With COP21 just five months away, organizations are attempting to preemptively address many of the issues scheduled to be addressed in September. While US mayors were at the Vatican, hashing out climate issues with the Pope, faith leaders from around the world met in Paris for the “Summit of Conscience for Climate”, hosted by Nicolas Hulot, the French President’s Special Envoy for the protection of the planet.
Alongside faith leaders that included H. Em. Cardinal Turkson, Rabbi David Rosen, Ecumenical Patriarch Bartholomew, and Blessed Tomorrow leader, Rev. Fletcher Harper, were some of the world's top economists, political leaders, and artists, representing a joint effort across sectors. Together the group discussed ways in which their respective philosophical and theological teachings might help guide policy formation this September.
People from many of the world’s religions and wisdoms will meet in Paris on July 21 for a World Summit of Conscience to answer the question "Why do I care about the planet?” and launch a “Call to Conscience for the climate”.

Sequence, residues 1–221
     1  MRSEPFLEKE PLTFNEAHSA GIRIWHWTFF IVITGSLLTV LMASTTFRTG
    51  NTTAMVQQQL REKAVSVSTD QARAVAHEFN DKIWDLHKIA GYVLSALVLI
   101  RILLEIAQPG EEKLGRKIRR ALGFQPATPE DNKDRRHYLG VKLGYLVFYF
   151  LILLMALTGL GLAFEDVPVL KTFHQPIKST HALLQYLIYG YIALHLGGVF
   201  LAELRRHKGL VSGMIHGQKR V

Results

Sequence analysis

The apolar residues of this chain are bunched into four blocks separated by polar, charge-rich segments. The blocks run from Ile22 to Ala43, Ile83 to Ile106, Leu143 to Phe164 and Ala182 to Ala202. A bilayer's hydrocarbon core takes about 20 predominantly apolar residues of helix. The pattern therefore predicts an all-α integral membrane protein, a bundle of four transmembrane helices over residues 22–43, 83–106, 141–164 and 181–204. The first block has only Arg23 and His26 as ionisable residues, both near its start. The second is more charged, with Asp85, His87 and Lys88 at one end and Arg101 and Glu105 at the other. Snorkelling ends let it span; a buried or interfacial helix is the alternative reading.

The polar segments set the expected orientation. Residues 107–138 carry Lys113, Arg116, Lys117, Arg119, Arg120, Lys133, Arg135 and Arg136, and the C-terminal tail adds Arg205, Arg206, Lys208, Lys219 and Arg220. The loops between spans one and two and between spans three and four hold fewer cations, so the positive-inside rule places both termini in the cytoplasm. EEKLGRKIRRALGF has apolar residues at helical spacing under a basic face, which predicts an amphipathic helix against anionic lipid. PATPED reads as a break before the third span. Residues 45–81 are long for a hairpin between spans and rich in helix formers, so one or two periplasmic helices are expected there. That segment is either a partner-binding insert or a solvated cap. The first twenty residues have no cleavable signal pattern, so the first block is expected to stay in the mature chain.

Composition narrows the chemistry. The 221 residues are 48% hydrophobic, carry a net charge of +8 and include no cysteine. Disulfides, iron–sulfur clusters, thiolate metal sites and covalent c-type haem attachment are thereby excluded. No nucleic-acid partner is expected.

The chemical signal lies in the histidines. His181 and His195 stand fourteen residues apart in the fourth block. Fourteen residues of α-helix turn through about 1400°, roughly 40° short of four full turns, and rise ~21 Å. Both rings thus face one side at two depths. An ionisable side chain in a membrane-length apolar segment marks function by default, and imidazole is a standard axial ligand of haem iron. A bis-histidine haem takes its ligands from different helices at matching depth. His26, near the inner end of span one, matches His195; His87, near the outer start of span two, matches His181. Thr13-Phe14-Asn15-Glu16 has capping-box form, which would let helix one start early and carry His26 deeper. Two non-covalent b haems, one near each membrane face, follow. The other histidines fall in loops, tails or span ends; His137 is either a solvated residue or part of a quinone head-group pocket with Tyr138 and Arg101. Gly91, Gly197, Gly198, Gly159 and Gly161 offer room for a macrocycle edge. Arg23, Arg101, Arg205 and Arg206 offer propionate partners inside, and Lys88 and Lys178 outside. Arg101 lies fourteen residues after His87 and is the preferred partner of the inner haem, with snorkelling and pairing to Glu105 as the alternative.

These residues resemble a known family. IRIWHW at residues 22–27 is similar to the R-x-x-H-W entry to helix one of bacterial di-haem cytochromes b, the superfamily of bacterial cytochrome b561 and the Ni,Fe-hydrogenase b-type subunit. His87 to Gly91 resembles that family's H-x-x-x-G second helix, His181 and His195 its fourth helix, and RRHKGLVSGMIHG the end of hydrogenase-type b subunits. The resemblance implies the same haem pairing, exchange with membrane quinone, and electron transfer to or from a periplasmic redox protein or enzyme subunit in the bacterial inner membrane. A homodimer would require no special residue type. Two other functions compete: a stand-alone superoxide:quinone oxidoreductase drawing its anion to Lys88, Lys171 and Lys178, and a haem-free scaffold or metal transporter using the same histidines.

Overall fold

It is only a mobilization of conscience on a global scale that will enable humanity to meet this great challenge confronting us: how to limit global warming by taking real action, including reducing our consumption of fossil fuels.
Time is short. This is not only a political economic or ecological issue. It is the future of humanity that is at stake.
Each of us is called to respond now to the questions: is it important to me that the adventure of mankind on Earth can continue? Am I ready to change my lifestyle today so that the children of our children come into this world in tolerable conditions? And why, ultimately, do I care enough to do so?
In the preamble to the COP 21 Climate Conference, in Paris, the Summit of Conscience launches the "Why do I care?” campaign. It is an invitation to everyone – leaders, personalities and citizens of all countries of the world and of all faiths – to respond to this question, based on their own conscience and their own story.
Why do I care?
Stay connected and get updates from Blessed Tomorrow.Subscribe